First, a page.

Pittsburgh and Allegheny Celebrate the 30th Anniversary of the Americans with Disabilities Act
The City of Pittsburgh and Allegheny County celebrate the 30th Anniversary of the Americans with Disabilities Act (ADA) with a series of virtual events recognizing the landmark law that has transformed lives by removing barriers to civic participation, housing, transportation, employment, arts and recreation, education and much more. The goals of these events are to highlight the impact of the ADA on of people’s lives, celebrate accomplishments in our community, and highlight areas where the intent of the ADA has not been fully realized.
The Pittsburgh/Allegheny County ADA Committee, comprised of dozens of nonprofit organizations, self-advocates, university representatives, government groups, and funders, is proud to partner with Disability Pride Virtual PA 2020, a 30-day statewide celebration of the Americans with Disabilities Act. To participate in events throughout the month, visit Disability Pride Virtual PA 2020 for a complete schedule of events. Locally produced events include:
Learning from our History: Living Beyond the Walls of the Institution
Wednesday, July 22, 2020, 4:30-6:00 pm
This virtual discussion will address obstacles in living beyond the walls of institutionalized settings, current issues in community-based services, and what the future might hold.
Before the discussion, view one or more of the videos that will help frame our discussion:
- From Wrongs to Rights (2013 / 8 minutes) tells the story of early 1970s activism in Western Pennsylvania that exposed the use of cages at Polk institution and led to the firing of the superintendent. The activism created momentum for the de-institutionalization movement.
- i go home (2016 / 56 minutes) recounts the history of barring children with intellectual disability from public schools and advising parents to send them to institutions. A late-1960s Philadelphia television news expose’ shed light on deplorable conditions inside the walls of Pennhurst institution and motivated the public to demand change.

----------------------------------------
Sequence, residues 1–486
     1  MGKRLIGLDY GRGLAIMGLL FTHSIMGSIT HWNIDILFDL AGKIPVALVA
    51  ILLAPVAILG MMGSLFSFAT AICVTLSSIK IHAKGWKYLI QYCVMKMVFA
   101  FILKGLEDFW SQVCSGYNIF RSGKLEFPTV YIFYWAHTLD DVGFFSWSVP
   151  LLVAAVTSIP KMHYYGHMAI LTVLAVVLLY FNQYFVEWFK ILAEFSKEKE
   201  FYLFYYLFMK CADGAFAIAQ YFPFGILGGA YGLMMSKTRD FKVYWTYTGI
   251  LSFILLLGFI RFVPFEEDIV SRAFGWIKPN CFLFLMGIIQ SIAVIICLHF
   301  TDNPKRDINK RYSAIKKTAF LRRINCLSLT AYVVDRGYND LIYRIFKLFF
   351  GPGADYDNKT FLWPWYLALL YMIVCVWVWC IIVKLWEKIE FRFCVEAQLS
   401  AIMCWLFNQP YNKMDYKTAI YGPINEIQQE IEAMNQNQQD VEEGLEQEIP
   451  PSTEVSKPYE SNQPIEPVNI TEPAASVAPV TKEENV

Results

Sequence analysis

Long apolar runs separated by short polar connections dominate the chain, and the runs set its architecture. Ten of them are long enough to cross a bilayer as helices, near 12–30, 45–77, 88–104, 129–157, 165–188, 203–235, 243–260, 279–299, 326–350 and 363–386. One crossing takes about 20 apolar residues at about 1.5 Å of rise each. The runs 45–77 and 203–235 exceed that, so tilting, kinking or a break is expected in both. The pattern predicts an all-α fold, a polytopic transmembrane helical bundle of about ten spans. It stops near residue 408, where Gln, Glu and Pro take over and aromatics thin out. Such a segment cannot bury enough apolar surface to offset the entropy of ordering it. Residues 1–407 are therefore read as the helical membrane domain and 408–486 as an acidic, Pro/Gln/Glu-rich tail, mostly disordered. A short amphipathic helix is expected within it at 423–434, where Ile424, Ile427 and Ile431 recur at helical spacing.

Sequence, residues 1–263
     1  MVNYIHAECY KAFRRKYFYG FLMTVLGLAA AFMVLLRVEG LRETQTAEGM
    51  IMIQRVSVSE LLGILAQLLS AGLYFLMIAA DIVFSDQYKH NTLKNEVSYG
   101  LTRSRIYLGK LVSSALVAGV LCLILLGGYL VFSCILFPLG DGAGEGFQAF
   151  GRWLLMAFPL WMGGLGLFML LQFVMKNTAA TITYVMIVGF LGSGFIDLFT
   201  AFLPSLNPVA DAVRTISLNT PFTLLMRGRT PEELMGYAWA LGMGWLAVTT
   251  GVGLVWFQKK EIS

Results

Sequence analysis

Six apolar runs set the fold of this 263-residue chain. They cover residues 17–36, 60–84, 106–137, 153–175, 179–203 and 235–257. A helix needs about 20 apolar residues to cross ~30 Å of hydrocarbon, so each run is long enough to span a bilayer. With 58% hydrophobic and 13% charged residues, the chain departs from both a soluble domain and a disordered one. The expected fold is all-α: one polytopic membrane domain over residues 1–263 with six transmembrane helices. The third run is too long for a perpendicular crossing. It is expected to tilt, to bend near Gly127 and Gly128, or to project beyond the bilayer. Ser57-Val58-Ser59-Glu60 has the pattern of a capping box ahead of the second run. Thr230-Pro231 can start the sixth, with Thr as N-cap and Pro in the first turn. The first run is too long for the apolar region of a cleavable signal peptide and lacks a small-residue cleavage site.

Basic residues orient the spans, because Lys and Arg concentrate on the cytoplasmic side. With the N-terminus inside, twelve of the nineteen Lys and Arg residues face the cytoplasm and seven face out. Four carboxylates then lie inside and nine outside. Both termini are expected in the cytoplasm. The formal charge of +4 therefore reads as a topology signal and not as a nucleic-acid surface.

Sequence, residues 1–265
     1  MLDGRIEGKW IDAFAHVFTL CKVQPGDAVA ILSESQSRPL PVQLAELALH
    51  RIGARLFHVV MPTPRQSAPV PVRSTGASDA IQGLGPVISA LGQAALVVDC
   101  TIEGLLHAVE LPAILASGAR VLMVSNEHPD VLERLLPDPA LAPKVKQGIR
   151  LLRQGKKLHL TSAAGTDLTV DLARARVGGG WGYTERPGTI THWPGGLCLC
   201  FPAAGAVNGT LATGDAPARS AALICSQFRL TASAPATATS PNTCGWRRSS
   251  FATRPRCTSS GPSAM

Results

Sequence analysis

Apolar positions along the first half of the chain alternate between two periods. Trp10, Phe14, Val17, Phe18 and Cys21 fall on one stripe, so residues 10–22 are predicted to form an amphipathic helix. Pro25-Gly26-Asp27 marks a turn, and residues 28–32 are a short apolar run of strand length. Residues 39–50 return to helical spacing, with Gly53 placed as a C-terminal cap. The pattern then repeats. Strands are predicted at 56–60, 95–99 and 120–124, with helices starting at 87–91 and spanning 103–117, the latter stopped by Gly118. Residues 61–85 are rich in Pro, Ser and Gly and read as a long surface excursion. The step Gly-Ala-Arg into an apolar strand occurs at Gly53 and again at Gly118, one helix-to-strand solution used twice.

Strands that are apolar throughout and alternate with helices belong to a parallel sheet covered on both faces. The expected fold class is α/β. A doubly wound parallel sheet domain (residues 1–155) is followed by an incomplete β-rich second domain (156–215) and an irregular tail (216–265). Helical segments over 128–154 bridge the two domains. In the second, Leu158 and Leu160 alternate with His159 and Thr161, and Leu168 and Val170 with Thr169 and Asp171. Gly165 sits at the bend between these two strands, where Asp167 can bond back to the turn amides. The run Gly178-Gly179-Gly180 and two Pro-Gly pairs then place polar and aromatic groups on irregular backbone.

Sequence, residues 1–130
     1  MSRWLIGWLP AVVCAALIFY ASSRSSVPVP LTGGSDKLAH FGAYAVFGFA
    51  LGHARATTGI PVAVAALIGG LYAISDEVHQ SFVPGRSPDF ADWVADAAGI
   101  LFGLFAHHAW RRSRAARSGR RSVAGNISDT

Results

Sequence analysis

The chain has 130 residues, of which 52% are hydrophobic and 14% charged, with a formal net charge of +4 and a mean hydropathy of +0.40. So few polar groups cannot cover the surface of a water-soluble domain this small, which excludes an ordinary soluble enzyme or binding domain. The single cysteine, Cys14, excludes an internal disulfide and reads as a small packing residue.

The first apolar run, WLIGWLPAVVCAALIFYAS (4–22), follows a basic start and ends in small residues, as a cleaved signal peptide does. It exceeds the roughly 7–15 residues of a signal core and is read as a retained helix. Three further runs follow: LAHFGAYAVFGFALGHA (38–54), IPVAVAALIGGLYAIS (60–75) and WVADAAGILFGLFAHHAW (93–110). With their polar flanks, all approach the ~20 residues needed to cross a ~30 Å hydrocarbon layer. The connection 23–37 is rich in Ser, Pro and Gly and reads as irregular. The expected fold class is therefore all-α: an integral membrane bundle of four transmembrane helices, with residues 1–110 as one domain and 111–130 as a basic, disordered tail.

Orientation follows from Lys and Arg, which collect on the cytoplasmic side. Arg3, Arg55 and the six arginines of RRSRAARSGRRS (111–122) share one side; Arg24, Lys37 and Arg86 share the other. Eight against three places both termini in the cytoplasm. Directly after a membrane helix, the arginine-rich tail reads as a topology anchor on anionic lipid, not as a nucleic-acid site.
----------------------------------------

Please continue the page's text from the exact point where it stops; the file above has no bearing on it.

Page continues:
- Valuing Lives: Wolf Wolfensberger and the Principle of Normalization (2015 / 57 min.) explores the principle of “normalization”—a revolutionary idea in human services in the 1970s that challenged long-held assumptions about people with intellectual and developmental disabilities and became the framework for human services. https://vimeo.com/160372828
The discussion will be facilitated by Guy Caruso, Western Coordinator, Institute on Disabilities at Temple University and invited participants include: Brenda Dare, self-advocate, Independent Living Project Manager for Transitional Paths to Independent Living; Jamie Ray-Leonetti, Associate Director of Policy, Institute on Disabilities at Temple University; Debbie Robinson, Executive Director, Speaking for Ourselves; Nancy Thaler, former Deputy Secretary for the Pennsylvania Office of Developmental Programs. This event is sponsored by Western Pennsylvania Disability History and Action Consortium, Institute on Disabilities at Temple University, Pennhurst Memorial & Preservation Alliance, ADA 30 Pittsburgh and Allegheny County
ReelAbilities Short Films
Film Pittsburgh’s ReelAbilities film festival, in partnership with Oakland for All, hosts a series of six award-winning short film, created by people of all abilities, in honor of the 30th Anniversary of the ADA. The films will be available July 22 – 29 at www.oaklandforall.org
ReelAbilities Pittsburgh is an annual film festival that explores and celebrates the lives, stories, and artistic expressions of individuals with disabilities. This year’s festival will take place November 11-22, 2020. For more information, visit: https://filmpittsburgh.org/pages/reelabilities.
Advocating for a more accessibility-friendly business district in the Oakland neighborhood of Pittsburgh, Oakland For All is a collaborative program driven by Oakland stakeholders, nonprofit organizations, local and state government offices, and community advocates.